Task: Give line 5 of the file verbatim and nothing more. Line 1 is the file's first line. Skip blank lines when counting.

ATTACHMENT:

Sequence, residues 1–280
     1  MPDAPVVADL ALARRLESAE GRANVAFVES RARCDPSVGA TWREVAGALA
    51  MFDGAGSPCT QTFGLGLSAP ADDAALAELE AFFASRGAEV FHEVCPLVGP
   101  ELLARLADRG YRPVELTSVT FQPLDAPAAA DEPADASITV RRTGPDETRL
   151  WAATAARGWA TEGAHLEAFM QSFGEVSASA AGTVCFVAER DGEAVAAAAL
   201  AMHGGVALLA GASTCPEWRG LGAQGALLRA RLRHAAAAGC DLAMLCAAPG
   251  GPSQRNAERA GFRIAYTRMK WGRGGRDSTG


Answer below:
   151  WAATAARGWA TEGAHLEAFM QSFGEVSASA AGTVCFVAER DGEAVAAAAL